Becoming a Filmmaker
During the course of having lunch with a friend who had recently been the C.E.O. of a major studio, I lamented all the creative people on planet Earth who might be just as talented as the people currently working in the industry and how they would never get a chance to make their films. He fixed my eyes and said: “Howard, I think all the really talented people are making films.”
His response reflected what I already knew about his Darwinian world view. I thought of arguing the point but decided it would be fruitless, because you cannot prove a negative. That exchange echoed in my head for years, and in some ways provided the genesis for this book.
Is it true that those who “make it” are the most talented people practicing the art of film and therefore deserve to succeed? Or do other factors play an equally important role?
A loaded question. Of course luck and other factors outside one’s own control have a lot to do with who “makes it” and who doesn’t. Yet I also believe that knowing the realities of how films come to be made also plays a large role in determining who succeeds. Or maybe I should put it the other way around: ignorance of those realities plays a large role in determining who will not succeed.
What realities? At the top of the list is this: whether you are a writer, director, producer or other creative person, to a very large extent you do not make a film, you have to get the film made.
You may call yourself a filmmaker, but no matter how great your creative abilities, no matter how strong the force of your will and willingness of other people to let you exert it, you cannot make a feature film that large numbers of people want to see by yourself. You need dozens, hundreds, or even thousands of others to work with you. You need large sums of money to make a film, and whether you make Hollywood features or small budget independent films, almost invariably it is far greater than you can personally afford. You need distribution in order to get your film seen by enough people to pay back the costs, and you need marketing funds that often equal or exceed the cost of making the film. And you need large numbers of people to see your film, ranging from hundreds of thousands to millions.
Whatever your creative role you do not make a film; you make a contribution to a film. Without the contributions of others, the film won’t come into existence and won’t reach an audience.
When I say it’s not enough to know how to make a film, you need to know how to get a film made, I mean to emphasize, as I do throughout the letters in this book, that others are as responsible for your film as you are. I’m not just calling for humility, I’m asking you to learn and understand what all those people you have to work with contribute to the process of film.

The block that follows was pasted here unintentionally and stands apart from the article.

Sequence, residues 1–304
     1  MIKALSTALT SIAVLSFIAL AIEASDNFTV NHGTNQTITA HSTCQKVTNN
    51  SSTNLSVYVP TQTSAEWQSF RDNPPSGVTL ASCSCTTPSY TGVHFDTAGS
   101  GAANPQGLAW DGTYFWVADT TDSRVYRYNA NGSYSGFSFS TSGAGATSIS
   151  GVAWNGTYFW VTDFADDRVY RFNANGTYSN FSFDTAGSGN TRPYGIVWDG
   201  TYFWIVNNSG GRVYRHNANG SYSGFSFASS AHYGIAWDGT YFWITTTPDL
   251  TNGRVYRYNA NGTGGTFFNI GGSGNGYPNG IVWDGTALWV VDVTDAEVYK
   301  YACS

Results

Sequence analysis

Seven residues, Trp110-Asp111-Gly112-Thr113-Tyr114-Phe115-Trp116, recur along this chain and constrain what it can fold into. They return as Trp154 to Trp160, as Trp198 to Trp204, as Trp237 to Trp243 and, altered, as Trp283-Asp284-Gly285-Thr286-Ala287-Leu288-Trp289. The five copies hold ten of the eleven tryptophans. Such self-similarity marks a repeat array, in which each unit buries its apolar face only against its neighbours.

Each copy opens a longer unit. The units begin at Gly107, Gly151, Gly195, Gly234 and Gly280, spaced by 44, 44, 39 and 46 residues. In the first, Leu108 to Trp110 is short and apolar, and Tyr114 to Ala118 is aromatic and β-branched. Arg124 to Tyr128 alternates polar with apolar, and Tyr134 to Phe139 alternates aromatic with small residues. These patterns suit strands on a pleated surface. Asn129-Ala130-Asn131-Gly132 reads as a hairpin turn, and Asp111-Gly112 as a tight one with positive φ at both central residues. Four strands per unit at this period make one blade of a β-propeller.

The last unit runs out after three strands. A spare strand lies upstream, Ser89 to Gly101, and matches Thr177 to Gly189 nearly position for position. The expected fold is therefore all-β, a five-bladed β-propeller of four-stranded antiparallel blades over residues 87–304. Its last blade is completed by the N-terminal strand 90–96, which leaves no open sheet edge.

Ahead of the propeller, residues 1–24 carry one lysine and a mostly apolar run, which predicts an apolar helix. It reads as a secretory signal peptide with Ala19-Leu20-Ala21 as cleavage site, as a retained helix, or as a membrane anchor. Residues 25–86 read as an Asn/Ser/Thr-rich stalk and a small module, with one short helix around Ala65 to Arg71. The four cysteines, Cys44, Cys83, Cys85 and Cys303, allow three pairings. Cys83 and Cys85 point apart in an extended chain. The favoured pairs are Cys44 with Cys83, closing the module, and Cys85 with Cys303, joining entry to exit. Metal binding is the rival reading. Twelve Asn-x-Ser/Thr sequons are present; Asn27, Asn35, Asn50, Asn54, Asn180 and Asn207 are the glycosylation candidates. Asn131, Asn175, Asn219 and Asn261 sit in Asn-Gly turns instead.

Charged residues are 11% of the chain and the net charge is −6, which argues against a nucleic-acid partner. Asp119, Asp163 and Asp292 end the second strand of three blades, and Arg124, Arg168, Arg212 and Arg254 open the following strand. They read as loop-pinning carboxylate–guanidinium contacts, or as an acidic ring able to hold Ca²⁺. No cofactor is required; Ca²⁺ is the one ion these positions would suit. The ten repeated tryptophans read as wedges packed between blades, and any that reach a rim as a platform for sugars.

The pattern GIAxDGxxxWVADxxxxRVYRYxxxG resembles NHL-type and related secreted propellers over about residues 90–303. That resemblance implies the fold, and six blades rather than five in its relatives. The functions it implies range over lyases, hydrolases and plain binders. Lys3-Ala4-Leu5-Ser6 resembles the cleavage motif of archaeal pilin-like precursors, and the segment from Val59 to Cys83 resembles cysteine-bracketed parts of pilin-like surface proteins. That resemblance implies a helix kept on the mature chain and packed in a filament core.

When I was a young film professor, I thought I could tell who among my students would “make it.” As the decades passed and I watched what actually happened to the constant passing parade of students, I gained more humility. People I thought surely had “the right stuff” often disappeared without a trace, while people I scarcely noticed while they were students went on to fame and glory. It took years to conclude that I’m not prescient. Today, I believe that no one can tell at an early stage whether someone will be successful in film, television, and related media.
Doctors, lawyers, physicists, and other professionals are not “born”; they go through many stages of testing and examinations. If they pass the boards, bar, doctoral exams, or other screening devices set up by their own disciplines (which are often licensed by the state) they are allowed to practice.
I don’t believe anyone is “born” to become a filmmaker, nor do I think filmmaking will or should ever be licensed by the state. Considering how cheap and widely available the technology is, anybody can make a film. This is a blessing as well as a curse, because there’s no way to know until after a film has been made and shown to others whether the filmmaker has even the most basic competence, let alone artistic ability. Even if the artistic ability is in full display, there is little assurance that the individual will become a professional filmmaker, which I define as someone who makes a career and a living from the process of filmmaking.
The film industry, or perhaps the press that covers the industry, has always mythologized early success — the person apparently “born” to make films. Orson Welles made Citizen Kane (1941) at the age of 25. In the long run his early success was as much a curse as a blessing, since forever afterwards there were people who said he never lived up to his early promise.
Precocity is something journalists love to write about simply because it is a rare phenomenon, and therefore always “news.” Malcolm Gladwell, in his book Outliers: The Story of Success summarizes research that shows it takes about 10,000 hours of hard, intensive work – approximately a decade – for anyone to produce work that experts in the field will regard as substantive.
When we’re young, of course, we don’t want to hear this. Ten years? An inconceivable and intolerable amount of time. People who want to become professional filmmakers sometimes find it difficult to believe that the process is not all that different from becoming a doctor, lawyer, physicist, or other kind of highly skilled professional: it requires a huge amount of effort and commitment.
[This is an excerpt from Letters to Young Filmmakers/Creativity and Getting Your Films Made] Copyright (c) 2012 Howard Suber.